What is a product defect?
Product defect refers to a body of law that provides consumers the right to sue manufacturers when a product fails to perform as intended. Every day, millions of consumers across the nation place their confidence in manufacturers when they purchase the various products they need to survive. Unfortunately, for far too many consumers, this confidence is betrayed when the product fails to perform as expected, and the consumer suffers serious injury or even death. When this happens, the law allows the injured consumer to bring a personal injury claim against the manufacturer to recover the compensation they are entitled to under the law. These claims are brought on behalf of the injured victim by lawyers that focus their practice on product liability litigation.
Three types of defective product claims
With the general concept in mind, we can begin exploring the various product liability claims available to an injured consumer. Generally, a product can be defective in its design, manufacturing, or marketing. A product proven to be defective in any of these three areas provides an injured person a basis for recovery against a manufacturer.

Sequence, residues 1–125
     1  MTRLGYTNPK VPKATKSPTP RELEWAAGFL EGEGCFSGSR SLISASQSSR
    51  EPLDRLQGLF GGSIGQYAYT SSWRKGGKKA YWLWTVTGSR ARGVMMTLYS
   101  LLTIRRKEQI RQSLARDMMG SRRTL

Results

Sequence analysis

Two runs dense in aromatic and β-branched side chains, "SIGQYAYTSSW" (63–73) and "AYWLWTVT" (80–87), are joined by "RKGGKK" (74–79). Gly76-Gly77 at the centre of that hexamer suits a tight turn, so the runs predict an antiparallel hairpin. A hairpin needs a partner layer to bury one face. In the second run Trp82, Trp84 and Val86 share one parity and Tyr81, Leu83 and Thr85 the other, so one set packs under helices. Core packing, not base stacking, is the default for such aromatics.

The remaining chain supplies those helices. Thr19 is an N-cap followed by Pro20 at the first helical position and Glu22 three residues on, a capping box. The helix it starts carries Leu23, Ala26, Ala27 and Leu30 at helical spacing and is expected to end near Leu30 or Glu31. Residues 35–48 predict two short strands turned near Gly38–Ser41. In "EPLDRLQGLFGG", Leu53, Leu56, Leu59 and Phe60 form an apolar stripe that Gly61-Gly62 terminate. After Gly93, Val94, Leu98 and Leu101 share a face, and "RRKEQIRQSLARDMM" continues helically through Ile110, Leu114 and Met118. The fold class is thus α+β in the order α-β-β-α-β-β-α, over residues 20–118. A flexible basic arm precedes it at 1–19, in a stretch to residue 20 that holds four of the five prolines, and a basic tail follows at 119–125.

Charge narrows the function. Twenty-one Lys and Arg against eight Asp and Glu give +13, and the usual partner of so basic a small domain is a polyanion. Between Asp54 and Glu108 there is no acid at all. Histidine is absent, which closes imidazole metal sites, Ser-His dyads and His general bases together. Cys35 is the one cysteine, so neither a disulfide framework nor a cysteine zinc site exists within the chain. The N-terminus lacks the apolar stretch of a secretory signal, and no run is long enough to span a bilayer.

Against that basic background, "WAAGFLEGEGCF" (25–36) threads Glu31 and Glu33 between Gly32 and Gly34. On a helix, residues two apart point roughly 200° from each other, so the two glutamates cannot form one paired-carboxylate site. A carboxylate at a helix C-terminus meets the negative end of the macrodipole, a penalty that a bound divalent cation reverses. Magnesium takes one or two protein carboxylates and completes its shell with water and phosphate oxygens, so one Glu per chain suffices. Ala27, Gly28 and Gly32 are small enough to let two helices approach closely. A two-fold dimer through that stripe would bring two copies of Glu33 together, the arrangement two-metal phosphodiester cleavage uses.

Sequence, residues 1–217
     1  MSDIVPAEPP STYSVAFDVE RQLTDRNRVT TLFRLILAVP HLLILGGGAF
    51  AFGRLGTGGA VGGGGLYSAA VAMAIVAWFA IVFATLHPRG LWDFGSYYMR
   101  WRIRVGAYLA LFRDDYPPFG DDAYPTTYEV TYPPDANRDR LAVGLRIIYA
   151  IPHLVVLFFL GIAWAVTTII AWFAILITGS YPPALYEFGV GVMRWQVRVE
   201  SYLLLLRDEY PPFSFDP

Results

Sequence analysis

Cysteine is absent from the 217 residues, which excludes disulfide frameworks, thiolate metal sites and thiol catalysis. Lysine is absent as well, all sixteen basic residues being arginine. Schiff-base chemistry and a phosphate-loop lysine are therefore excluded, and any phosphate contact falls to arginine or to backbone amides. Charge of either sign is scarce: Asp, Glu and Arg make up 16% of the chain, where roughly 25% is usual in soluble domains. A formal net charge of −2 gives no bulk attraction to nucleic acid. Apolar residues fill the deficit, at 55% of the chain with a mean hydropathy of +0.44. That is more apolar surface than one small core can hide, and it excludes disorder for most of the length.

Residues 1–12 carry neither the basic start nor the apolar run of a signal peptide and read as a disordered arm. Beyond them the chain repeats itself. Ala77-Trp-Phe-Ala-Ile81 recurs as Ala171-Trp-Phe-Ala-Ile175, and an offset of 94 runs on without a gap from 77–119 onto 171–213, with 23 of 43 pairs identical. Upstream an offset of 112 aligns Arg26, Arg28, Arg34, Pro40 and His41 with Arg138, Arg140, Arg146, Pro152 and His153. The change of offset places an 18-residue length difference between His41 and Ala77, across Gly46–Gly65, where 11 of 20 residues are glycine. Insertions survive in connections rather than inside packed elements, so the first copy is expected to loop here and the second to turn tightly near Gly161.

Products defective in design
A product is defective in its design when it is defective in the condition the manufacturer intended the product to be produced. In other words, a defective design means the manufacturer designed and manufactured a product that is unreasonably dangerous for its intended purpose. Examples of common design defects include:
- Baby products that contain unnecessary chocking or strangulation risks
- Safety equipment such as car seats that fail to provide adequate protection
- Medical devices that fail to treat or exasperate the injury or condition
- Defective parts in appliances, vehicles, and tools